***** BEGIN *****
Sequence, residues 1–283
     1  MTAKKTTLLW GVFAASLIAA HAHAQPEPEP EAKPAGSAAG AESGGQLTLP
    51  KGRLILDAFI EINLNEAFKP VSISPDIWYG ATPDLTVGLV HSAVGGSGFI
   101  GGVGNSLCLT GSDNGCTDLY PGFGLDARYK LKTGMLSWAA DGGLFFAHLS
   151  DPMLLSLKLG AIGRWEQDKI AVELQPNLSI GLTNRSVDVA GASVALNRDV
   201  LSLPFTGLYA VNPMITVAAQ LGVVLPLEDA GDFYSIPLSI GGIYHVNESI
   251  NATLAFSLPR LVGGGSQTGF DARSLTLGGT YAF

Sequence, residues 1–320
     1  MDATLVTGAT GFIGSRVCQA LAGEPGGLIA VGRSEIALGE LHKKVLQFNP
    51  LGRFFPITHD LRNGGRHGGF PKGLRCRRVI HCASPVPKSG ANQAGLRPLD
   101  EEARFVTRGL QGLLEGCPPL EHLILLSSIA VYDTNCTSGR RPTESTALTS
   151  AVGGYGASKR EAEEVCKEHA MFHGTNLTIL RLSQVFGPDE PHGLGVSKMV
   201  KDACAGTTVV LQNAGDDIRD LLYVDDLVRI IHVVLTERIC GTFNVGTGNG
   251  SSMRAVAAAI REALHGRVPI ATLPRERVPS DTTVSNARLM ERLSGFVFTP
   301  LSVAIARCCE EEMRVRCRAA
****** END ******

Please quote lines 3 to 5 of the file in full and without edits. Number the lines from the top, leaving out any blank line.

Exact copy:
    51  KGRLILDAFI EINLNEAFKP VSISPDIWYG ATPDLTVGLV HSAVGGSGFI
   101  GGVGNSLCLT GSDNGCTDLY PGFGLDARYK LKTGMLSWAA DGGLFFAHLS
   151  DPMLLSLKLG AIGRWEQDKI AVELQPNLSI GLTNRSVDVA GASVALNRDV